However, growing cannabis is not exactly like taking care of a potted plant. And one thing a houseplant certainly does not need is a deft hand to guide it through its grow cycles. After all, daisies will bloom if you can at least remember to give them some water and sun. Cannabis? Not so much. To grow cannabis that can be consumed for its intended purpose, what it really needs is time and attention.
T here are many reasons to give growing your own cannabis a try. Regardless of whether you’d like to grow the herb for either medicinal or recreational purposes, tending to your own cannabis plants can be done for many purposes and may even be more affordable in the long run than purchasing marijuana at your local dispensary.
The Time it Takes to Grow Cannabis
A genetic mix of both indica and sativa strains, the growing time for hybrid marijuana strains may vary depending on which way the genetics lean. But, on average, hybrids tend to grow faster in the vegetative stage like a sativa, but may have a shorter flowering period like indica, about six-to-ten weeks. Since hybrids are a true blend of both sativa and indica, cultivators often prefer to grow them because of their higher output, generally faster growing time, and consumer appeal.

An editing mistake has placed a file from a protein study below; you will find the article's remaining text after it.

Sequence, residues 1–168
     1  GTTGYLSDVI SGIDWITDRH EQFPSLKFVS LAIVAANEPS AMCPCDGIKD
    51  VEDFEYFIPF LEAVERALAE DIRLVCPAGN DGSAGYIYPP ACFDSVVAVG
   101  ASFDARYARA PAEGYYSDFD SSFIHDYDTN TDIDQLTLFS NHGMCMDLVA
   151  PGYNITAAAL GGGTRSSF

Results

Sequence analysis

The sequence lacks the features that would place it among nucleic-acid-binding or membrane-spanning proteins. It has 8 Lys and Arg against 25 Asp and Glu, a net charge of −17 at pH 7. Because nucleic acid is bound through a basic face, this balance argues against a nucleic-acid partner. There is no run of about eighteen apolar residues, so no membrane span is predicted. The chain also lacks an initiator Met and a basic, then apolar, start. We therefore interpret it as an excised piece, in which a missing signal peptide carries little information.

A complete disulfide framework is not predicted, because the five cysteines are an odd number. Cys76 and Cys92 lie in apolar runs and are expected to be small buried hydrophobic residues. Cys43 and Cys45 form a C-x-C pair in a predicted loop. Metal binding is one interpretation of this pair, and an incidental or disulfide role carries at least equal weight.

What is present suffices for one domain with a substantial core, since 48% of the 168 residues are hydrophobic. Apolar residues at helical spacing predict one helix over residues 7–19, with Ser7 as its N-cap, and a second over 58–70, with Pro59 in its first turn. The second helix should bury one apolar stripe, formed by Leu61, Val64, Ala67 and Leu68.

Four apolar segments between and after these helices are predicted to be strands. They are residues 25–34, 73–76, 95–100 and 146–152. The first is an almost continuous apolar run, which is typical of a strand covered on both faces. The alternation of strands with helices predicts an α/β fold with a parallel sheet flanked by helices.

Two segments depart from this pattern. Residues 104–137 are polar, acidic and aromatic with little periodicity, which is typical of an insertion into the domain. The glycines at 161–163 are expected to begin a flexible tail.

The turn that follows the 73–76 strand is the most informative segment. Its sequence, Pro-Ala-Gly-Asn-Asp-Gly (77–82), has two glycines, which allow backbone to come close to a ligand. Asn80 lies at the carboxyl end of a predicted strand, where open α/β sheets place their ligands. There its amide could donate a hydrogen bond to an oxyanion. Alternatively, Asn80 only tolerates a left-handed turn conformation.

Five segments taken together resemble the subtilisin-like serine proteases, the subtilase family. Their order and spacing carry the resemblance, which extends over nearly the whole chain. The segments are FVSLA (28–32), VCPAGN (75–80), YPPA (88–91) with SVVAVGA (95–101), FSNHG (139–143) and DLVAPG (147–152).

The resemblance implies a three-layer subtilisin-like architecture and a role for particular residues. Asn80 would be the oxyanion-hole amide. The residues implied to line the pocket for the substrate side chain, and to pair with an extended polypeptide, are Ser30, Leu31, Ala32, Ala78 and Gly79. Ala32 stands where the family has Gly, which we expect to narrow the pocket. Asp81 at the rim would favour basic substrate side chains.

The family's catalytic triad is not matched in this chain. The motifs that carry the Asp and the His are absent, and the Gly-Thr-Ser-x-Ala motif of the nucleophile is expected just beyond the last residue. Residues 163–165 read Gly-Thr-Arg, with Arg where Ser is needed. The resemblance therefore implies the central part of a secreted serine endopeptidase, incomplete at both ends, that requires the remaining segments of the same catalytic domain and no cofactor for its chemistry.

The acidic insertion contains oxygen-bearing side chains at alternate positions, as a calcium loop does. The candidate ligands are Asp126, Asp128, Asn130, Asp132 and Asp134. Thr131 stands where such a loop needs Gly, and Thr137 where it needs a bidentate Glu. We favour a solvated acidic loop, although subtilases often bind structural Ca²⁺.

Grow times for cannabis plants vary widely, but on average, are about three-to-five months for indoor grows. However, there are many factors that could add or subtract from that range, including whether you choose to grow from a clone or a seedling, the target yield (how much consumable product) and the growing method, whether indoor, outdoor, greenhouse, hydroponic, coco, etc. A very loose breakdown of a growing timeline could look like this:
Do you have any experience growing cannabis at home? How long did it take you from seed to harvest? Share your stories in the comments below.
This is your cannabis plants’ last period. When it starts will depend obviously on the growth period, but the plant must also have the necessary characteristics developed to allow it to grow buds.
First, you’ll have to differentiate between drying and curing; the first thing you’ll need to do with your freshly-cut harvest is dry it.
After the drying process comes the curing process, like a good cheese.
It’s difficult to put a number on how long the growth period takes due to environmental and external factors (fertilizers and the grower’s expertise) that can interfere with crops. Generally, indoors autoflowering plants take about 3 or 4 weeks (21 to 25 days) and around 6 to 8 weeks, maybe more, for feminized strains.
If you’re planting cuttings, then the germination period is known as the cloning and rooting period.
Today we’re going to talk about normal growth times and the different stages that your plants will go through. Maybe some of these questions sound familiar to you;
After managing to get your sapling to sprout and transplanting it (into soil or a jiffy), the growth period begins. Just like the name says, your plants will grow the most it’s ever going to grow and stretch upwards during this period, allowing it to get the correct shape and size to proceed to the next stage; flowering.